Wednesday, November 25, 2009

Never Too Much Of A Good Thing

Richard Shindell--"Hazel's House" (mp3)

Thanksgiving is one of those funny holidays. You have to accomplish it. You have no choice. Take me, for example. I'm going to Rome to see my daughter, but I had to have a Thanksgiving meal before I left, so we had one last night. We even had the nearly-as-essential Thanksgiving leftovers meal tonight.

When I first knew we would be in Italy over Thanksgiving, I started googling around to see if there was a place in Rome that would put on a respectable Thanksgiving spread. I got a couple of good leads and was feeling pretty good about it until I got whacked in the side of the head by someone who posted a response to the question. He said, "You're in Italy. They don't really cook turkey there. Do yourself a favor and celebrate Thanksgiving by finding a nice restaurant and having a delicious Italian meal." He was right, of course.

What is it all about? Why do we have to have that meal? And how many times do we have to have it?

Tomorrow, my wife's firm has their traditional Thanksgiving meal. Last Wednesday, my school had theirs. What is it?

I was talking to a student the other day and asking him about Thanksgiving break, especially what he would be doing.

"Nothing much," he said. "Mostly just staying here."

"Well, at least you'll get a good meal, right?"

He shrugged his shoulders. "You know," he said, "I don't really like Thanksgiving food all that much. I don't know what the big deal is. I mean, my mom cooks it okay. But Thanksgiving food just isn't that good. It's alright. It's more about getting together with your family."

I never eat turkey at any other time of the year, except in its deli form. I don't really like cranberries. Not a huge fan of sweet potatoes. And yet, here I am once again loading up a plate, and if someone told me that I had to load a similar plate of the same offerings at someone else's table tomorrow, I'd probably do it. Because there is something about Thanksgiving, its overwhelming sense of nostalgia and comfort, that is difficult to put into words.

Unless you are Richard Shindell. There isn't a whole lot of Thanksgiving music out there. Maybe none at all. Maybe there doesn't need to be, because this song captures the essence of it:

There’s a two-lane county road in northern Jersey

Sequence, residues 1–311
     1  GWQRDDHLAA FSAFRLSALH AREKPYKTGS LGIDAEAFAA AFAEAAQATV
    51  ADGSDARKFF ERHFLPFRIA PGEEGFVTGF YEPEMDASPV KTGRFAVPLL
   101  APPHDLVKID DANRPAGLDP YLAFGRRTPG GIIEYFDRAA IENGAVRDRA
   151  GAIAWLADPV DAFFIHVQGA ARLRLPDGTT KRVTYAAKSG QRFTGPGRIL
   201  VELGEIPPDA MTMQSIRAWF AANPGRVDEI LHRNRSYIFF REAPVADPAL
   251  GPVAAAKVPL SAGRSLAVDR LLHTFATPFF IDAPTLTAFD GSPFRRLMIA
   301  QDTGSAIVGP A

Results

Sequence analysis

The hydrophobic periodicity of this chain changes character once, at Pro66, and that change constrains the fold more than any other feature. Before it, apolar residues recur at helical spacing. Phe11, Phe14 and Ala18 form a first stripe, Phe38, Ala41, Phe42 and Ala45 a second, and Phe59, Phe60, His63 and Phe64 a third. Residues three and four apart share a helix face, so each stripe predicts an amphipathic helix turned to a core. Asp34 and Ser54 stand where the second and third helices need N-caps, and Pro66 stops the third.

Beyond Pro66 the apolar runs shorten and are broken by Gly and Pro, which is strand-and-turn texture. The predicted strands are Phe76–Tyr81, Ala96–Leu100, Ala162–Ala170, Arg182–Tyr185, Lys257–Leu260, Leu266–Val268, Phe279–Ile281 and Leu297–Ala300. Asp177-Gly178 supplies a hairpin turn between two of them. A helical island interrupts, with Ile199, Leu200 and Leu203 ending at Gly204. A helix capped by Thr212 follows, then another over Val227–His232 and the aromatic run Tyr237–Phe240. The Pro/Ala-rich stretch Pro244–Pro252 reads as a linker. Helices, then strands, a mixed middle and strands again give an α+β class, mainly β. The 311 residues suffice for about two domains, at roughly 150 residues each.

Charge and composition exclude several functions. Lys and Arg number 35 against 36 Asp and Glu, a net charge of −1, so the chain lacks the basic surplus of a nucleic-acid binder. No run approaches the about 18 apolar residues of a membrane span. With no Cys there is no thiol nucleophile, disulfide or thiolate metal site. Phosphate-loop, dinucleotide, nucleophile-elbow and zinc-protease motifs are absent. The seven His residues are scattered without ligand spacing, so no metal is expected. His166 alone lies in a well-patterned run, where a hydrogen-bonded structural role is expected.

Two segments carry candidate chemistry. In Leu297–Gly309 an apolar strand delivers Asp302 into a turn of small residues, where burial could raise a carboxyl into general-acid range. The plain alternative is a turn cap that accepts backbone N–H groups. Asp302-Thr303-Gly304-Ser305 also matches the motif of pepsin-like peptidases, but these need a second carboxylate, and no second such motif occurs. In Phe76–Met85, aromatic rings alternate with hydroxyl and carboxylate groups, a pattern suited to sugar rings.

Winding up a hill beside a lake
Just before the road winds to an end
Is Hazel’s house

Long white picket fence around the front yard
A wagon wheel someone made into a gate
Flagstone steps will lead you to the front door
Of Hazel’s house

And Hazel will have seen you from the window
She’s waiting for you as you climb the steps
She says, “Thank God, we were starting to get worried.
Come on in.”

It’s New Year’s and the place is overflowing
Cousins, aunts and uncles gather round
“How long has it been? It’s great to see you.
How you’ve grown.”

And the uncles all have one eye on the Rose Bowl
One by one they slink back to the den
Everybody else heads for the kitchen
You go with them

She always has the crumbcake at the ready
Today is no exception - there it is
The order of the universe intact
At Hazel’s house

And no one seems to know that this is heaven
They say we only know it by and by
That one day all will be revealed
Well, here it is:

There’s a two-lane county road in northern Jersey
Winding up a hill beside a lake
Just before the road winds to an end
Hazel’s house

Yeah, yeah, I know the song is about New Year's Day, but I don't care. To me, it captures everything there is to say about Thanksgiving. I'd drive there tomorrow. If this one doesn't move you, I don't know what will.


Anonymous said...

Great song and spot on take on the holidays, Bob. I'm in the rainy Pacific Northwest in my folks' new house and though they only moved in a week ago and I'd never seen it til Sunday, it feels as much like home as anyplace they've ever lived. Hug your three women for me and bring back tales of your time in Rome as a bon vivant.

jed said...

Bob, listen to Ray Davies' "Thanksgiving Day." It's of the album "Other People's Lives." I love Ray Davies and I don't like cranberries or sweet potatoes either. That's no crime. Happy Thanksgiving BOTG!

Goofytakemyhand said...

Nice post, Bob.

Ray Davies' "Thanksgiving Day" immediately came to mind for me too. Great closing track on Other People's Lives

There's a High Quality YouTube video of it with Ray explaining why he wrote the song.

troutking said...

Hmm...why do I think this is a great post? 1. I actually like Thanksgiving food. 2. I love Ray Davies. 3. I spent Thanksgiving on a two lane road in north Jersey.

Only wish I'd read it Wednesday instead of today. Might have appreciated my holiday even more. Bob, please post this again next year. I will probably forget where I save it on my computer...

Billy Bob said...

I hadn't heard the Ray Davies song. Thanks.